Mean Aversion in and Persistence of Shocks to the US Dollar: Evidence from Nine Foreign Currencies
This paper analyses the statistical behavior of the US dollar, against nine different currencies, over the float period, with a monthly data set. The martingale hypothesis is rejected for all currencies. However, all currencies have a unit root. There is overwhelming evidence for significant positive serial correlation and ARCH effects in the logged series and in the changes of the logs. In addition, the nine logged series are characterized by structural breaks in both the intercept and the slope. Surprisingly, when the changes of the logs are considered, these do not show up any structural breaks, although the sample period has witnessed more than one political, social, and economic regime. All the nine logged currencies are well described by a low-order ARIMA model, with a parcimonious GARCH specification of the conditional variance. These ARIMA models imply mean aversion, rather than mean reversion, and high persistence of shocks. Mean aversion and persistence of shocks are formally tested and found to be significant for all nine currencies. This justifies the title of the paper.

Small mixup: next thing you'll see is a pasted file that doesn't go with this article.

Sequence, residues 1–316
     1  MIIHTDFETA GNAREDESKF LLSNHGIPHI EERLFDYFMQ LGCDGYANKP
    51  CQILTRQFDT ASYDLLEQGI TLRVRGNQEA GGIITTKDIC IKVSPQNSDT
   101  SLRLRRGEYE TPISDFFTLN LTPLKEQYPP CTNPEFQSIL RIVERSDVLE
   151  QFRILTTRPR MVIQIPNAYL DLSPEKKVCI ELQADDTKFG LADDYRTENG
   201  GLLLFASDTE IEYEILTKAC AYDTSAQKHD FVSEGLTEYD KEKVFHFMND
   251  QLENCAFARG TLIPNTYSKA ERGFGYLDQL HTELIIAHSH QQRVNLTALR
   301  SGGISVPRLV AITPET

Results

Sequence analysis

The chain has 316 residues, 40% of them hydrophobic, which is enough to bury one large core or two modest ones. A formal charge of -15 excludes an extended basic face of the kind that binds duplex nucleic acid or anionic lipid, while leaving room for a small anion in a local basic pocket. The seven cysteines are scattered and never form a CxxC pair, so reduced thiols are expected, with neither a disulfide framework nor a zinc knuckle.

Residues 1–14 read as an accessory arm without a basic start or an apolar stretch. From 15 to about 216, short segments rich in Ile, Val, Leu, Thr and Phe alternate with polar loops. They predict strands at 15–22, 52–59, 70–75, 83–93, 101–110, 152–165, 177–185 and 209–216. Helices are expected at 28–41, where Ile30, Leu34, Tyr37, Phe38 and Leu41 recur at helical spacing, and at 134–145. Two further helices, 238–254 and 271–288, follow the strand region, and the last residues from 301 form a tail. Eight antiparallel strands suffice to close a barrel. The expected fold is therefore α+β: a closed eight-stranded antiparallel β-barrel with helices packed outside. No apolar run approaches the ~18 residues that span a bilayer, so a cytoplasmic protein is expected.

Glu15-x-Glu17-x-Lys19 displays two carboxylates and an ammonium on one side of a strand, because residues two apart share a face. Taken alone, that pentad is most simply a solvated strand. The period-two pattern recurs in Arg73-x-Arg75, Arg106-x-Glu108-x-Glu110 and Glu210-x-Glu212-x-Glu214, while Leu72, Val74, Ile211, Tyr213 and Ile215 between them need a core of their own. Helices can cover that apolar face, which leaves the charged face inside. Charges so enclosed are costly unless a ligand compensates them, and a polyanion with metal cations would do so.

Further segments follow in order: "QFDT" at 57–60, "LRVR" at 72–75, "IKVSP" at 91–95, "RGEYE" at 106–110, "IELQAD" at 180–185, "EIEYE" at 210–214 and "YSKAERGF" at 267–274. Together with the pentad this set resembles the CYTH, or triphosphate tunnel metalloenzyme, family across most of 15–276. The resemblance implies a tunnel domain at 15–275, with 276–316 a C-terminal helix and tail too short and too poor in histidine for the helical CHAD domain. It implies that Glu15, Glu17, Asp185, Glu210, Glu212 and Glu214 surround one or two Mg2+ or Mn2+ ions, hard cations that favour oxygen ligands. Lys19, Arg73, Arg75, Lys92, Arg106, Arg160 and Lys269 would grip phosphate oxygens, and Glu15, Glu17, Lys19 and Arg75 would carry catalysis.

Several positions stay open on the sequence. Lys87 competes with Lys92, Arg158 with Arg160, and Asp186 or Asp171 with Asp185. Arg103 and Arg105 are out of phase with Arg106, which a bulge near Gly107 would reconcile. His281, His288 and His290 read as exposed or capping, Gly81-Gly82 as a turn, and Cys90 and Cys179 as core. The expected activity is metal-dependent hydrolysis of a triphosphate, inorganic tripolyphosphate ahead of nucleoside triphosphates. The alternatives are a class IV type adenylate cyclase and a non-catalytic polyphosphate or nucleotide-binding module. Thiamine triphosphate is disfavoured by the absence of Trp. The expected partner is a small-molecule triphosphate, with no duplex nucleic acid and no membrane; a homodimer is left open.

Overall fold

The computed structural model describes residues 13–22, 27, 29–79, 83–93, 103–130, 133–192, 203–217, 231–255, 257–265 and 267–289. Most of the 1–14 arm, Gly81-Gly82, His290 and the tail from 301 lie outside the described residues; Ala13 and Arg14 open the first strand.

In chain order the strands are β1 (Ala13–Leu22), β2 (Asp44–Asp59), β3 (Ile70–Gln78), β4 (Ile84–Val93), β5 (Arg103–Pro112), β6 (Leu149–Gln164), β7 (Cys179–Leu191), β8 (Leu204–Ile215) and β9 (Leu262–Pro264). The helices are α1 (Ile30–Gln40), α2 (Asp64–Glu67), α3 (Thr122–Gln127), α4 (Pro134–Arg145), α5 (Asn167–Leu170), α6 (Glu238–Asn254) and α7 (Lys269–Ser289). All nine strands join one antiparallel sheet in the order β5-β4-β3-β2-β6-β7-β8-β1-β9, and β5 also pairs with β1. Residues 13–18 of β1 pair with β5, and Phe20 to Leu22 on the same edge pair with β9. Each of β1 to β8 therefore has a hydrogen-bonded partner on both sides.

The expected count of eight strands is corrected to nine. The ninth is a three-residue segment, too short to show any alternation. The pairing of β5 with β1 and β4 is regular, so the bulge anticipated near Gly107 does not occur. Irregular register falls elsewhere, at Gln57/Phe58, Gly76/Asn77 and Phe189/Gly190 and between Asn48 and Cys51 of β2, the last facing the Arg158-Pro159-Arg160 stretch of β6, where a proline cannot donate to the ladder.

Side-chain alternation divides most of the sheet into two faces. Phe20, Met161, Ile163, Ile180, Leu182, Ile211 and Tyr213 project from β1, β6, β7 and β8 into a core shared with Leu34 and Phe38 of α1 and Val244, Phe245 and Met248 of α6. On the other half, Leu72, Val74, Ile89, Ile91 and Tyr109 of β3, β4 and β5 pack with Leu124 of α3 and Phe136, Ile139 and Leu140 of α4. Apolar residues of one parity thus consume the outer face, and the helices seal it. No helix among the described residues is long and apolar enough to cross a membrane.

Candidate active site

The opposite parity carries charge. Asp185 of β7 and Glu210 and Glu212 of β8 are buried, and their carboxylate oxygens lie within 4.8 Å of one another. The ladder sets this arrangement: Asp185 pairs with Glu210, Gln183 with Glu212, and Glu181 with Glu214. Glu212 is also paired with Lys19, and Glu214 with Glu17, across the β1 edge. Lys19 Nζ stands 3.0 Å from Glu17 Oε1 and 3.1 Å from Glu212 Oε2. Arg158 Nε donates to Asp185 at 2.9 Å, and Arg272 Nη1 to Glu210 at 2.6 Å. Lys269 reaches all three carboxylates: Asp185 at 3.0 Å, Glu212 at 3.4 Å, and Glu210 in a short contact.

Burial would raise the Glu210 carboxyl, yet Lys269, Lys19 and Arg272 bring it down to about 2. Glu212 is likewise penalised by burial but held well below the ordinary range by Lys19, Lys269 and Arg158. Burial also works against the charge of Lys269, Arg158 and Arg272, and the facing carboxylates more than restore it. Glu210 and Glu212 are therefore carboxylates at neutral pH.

Keywords: US dollar; mean aversion; persistence of shocks; market efficiency; martingale; structural breaks; ARIMA; GARCH
JEL Classifications: C12; C13; C22; F31; G14